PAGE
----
Texas City record rainfall bears the classic signature of climate change
Record-setting rainfall left portions of Texas City underwater in early December 2016.
Emergency Management Officials reported that a record 11 inches of rain fell over the course of several hours on the afternoon of December 3, with 48-hour rainfall totals reaching 12.66 inches. Texas City hadn't seen this much rainfall in more than two decades.
In Galveston, Texas, record amounts of rain had fallen by mid-morning on December 3. The city recorded 7.68 inches by the end of the day, nearly tripling the previous record of 2.63 inches set in 1965 and setting a new record for the month of December.
The record-breaking rainfall is consistent with the trend toward more extreme rainfall as the world warms.
Extreme rains and floods are consistent with climate change trends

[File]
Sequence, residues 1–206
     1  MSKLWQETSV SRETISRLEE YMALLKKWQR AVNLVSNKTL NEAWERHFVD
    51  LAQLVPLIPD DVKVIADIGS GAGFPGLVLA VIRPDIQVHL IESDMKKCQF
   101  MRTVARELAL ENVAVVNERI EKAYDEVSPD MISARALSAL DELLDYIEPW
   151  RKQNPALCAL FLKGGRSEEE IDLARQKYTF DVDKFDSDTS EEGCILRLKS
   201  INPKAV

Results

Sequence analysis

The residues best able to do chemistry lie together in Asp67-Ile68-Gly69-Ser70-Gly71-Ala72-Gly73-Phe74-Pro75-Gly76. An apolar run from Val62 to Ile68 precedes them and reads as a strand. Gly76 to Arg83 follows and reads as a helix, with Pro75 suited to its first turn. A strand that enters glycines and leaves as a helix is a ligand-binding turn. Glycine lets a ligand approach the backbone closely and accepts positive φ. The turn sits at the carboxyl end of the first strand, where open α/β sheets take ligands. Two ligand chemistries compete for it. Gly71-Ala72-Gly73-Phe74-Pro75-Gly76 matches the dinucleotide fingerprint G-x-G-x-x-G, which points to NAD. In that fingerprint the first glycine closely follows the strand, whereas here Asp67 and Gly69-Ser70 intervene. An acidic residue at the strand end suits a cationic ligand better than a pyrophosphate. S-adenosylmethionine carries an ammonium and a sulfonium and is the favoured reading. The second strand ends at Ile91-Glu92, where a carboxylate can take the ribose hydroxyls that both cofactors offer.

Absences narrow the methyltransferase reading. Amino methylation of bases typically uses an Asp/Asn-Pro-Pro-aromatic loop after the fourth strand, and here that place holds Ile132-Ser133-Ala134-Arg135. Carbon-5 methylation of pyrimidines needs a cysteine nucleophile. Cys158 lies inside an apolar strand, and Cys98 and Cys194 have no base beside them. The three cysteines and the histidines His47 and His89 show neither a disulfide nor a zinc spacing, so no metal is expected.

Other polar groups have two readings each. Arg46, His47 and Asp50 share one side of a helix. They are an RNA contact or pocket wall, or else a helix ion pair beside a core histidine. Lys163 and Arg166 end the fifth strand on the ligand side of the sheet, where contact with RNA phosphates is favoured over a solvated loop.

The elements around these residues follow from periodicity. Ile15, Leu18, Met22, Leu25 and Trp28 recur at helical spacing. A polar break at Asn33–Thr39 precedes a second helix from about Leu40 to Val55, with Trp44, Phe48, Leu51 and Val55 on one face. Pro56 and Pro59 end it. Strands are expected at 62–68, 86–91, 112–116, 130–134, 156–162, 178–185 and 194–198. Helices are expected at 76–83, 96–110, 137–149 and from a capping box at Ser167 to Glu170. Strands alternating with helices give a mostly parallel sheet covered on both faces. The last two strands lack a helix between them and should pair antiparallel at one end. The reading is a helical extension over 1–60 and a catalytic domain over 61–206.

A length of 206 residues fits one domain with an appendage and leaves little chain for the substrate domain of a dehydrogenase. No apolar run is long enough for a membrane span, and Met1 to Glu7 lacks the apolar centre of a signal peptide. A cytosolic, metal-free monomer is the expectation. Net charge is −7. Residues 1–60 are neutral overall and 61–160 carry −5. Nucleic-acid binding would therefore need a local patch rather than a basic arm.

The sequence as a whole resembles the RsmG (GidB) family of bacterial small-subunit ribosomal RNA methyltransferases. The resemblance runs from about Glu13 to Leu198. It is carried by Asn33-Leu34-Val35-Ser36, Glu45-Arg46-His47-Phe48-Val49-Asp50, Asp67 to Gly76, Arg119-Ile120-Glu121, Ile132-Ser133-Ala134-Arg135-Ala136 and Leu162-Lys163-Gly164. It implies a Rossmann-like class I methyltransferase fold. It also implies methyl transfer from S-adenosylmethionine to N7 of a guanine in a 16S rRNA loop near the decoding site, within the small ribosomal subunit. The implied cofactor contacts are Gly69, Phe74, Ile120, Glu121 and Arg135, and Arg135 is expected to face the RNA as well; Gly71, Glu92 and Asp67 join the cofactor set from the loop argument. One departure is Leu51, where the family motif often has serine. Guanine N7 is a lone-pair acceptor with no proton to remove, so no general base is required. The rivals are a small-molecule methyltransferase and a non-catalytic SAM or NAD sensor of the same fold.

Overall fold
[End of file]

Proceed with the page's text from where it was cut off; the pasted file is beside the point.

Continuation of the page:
A warmer atmosphere holds more water vapor. And like a bigger bucket, a warmer atmosphere dumps more water when it rains.
Over the past century, the US has witnessed a 20 percent increase in the amount of precipitation falling in the heaviest downpours, which has dramatically increased the risk of flooding.
Since the 1980s, a larger percentage of precipitation has come in the form of intense single-day events, and nine of the top 10 years for extreme one-day precipitation events have occurred since 1990.
Across the Great Plains, extreme precipitation has increased 16 percent from 1958 to 2012.
Houston has seen a 167 percent increase in heavy downpours since the 1950s.